Oflag X-C was a German World War II prisoner-of-war camp for officers (Offizierlager) in Lübeck in northern Germany. The camp was located on the corner of Friedhofsallee and Vorwerkstrasse, close to Lübeck's border with the town of Schwartau (now Bad Schwartau), and is often cited as being located in Schwartau rather than Lübeck.
|Controlled by||Nazi Germany|
The camp was opened in June 1940 for French officers captured during the Battle of France. In June 1941 British and Commonwealth officers from the Battle of Crete and the North African Campaign arrived. During 1941 and 1942 many Allied air crews that had been shot down were taken to Lübeck, then later transferred to Oflag VI-B, Warburg In early 1945 Polish Officers, inmates of Oflag II-D Gross-Born and Oflag II-C Woldenberg, were marched westwards and finally reached Oflag X-C. The camp was liberated on 2 May 1945 by troops of the British 2nd Army. Prisoners of war were repatriated during May 1945 (Operation Exodus).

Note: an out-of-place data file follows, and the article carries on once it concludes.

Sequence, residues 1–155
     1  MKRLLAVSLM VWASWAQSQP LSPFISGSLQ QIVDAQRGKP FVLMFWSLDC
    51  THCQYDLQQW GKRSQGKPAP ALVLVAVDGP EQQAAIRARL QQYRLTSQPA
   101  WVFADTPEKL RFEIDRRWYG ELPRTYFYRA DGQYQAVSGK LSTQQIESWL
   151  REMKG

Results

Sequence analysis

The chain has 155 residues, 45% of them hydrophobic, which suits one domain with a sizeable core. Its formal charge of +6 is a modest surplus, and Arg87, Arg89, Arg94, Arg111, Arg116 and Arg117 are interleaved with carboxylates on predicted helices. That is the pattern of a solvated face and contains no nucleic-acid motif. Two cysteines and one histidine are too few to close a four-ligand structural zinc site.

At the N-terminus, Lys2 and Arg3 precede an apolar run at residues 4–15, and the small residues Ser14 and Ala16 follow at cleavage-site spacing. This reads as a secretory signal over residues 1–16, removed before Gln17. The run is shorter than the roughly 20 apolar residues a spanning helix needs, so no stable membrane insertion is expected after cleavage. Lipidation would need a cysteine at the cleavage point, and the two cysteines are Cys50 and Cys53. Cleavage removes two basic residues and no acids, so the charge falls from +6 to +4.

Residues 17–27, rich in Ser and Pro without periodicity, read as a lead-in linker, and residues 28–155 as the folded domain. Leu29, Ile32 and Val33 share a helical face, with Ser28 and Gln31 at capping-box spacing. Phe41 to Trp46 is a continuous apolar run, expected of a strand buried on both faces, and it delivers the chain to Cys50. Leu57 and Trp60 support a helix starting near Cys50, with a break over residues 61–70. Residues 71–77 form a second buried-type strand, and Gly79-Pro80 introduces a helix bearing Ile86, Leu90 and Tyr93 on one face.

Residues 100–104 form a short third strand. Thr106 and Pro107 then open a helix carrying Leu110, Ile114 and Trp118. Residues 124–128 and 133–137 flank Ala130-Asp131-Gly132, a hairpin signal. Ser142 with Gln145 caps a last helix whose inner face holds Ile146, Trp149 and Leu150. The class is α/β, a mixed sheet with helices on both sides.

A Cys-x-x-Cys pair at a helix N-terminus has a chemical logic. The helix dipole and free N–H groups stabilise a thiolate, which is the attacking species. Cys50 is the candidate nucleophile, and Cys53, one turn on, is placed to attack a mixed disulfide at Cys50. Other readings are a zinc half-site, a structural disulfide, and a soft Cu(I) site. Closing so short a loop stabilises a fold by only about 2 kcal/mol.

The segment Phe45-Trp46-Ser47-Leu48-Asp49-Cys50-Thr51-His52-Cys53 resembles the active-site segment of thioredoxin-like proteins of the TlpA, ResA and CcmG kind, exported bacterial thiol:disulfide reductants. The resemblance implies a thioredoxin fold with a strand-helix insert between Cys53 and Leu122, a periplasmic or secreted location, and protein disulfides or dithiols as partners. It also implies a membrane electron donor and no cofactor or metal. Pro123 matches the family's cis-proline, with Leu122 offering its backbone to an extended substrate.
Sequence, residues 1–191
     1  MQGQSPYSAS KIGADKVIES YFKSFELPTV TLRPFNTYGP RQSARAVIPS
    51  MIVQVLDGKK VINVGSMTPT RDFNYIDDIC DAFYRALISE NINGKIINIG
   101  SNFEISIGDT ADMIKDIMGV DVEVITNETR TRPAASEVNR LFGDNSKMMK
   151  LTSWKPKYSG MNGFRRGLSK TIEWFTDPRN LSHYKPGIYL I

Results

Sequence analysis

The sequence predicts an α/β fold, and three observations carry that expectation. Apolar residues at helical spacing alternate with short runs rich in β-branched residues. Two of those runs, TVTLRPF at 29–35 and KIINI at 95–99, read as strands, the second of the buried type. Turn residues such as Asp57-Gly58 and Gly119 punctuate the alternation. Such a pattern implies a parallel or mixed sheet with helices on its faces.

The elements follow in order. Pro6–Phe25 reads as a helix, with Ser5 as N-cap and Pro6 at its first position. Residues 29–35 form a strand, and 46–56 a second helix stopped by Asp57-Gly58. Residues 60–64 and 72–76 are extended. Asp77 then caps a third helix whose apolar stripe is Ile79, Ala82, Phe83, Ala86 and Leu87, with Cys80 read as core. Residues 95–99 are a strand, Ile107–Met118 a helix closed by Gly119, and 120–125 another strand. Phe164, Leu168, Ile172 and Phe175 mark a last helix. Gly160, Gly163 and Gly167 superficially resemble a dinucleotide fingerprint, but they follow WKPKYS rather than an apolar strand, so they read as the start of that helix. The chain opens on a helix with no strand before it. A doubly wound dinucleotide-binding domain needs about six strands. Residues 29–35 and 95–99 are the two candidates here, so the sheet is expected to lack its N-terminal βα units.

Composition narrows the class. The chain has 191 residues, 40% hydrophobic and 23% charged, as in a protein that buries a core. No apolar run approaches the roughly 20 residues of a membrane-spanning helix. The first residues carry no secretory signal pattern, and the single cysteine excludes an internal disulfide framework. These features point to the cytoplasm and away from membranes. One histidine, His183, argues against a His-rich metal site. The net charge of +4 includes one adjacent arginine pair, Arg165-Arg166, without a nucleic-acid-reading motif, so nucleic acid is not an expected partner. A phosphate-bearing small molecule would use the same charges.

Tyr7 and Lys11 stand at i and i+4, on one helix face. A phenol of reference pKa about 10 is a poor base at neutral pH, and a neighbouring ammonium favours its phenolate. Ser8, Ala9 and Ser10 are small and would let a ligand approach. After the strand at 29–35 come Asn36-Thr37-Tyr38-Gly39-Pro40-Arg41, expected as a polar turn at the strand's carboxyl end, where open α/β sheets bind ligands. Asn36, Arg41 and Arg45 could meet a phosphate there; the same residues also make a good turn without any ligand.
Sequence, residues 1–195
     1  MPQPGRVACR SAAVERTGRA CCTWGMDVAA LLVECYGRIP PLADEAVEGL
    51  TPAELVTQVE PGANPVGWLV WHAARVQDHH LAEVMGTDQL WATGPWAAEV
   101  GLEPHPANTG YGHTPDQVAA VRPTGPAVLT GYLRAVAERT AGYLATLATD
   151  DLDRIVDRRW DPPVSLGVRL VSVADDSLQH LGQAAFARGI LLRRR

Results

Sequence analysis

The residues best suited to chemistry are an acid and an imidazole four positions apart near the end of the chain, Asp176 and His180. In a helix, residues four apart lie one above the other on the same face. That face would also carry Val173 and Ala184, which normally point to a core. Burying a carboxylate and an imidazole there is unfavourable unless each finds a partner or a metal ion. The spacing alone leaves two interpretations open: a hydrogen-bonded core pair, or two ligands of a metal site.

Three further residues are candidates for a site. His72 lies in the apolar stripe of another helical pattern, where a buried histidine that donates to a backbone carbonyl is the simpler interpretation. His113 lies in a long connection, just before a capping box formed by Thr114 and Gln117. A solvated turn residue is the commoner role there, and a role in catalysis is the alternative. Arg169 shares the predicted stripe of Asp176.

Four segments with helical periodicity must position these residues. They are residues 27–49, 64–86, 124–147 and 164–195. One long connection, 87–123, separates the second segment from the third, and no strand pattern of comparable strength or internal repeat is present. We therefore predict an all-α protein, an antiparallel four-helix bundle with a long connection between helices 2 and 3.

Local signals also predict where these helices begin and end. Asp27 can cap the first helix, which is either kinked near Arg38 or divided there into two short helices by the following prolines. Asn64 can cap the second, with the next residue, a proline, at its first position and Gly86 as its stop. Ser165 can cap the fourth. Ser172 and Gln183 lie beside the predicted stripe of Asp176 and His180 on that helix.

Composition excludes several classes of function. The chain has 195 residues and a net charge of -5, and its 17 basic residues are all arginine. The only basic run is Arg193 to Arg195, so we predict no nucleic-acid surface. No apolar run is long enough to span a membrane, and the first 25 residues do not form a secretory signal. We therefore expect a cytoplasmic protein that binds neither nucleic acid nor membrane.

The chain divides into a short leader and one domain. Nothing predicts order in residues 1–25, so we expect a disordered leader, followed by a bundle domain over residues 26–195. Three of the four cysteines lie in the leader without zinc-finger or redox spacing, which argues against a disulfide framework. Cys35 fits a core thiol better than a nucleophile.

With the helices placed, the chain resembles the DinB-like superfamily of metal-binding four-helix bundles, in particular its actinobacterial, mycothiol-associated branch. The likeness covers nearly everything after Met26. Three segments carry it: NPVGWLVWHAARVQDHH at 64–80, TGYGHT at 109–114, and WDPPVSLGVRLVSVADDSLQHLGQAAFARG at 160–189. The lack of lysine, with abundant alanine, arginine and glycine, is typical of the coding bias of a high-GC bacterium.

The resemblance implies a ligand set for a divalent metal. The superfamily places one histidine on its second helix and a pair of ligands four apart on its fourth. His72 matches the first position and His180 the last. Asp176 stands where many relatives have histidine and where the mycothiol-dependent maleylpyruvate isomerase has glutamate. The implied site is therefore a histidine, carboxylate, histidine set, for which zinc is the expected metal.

French theologian, Yves Congar was placed as a POW at the Lübeck fortress because of his numerous escape attempts from other camps after being captured while serving as an officer in the French army.
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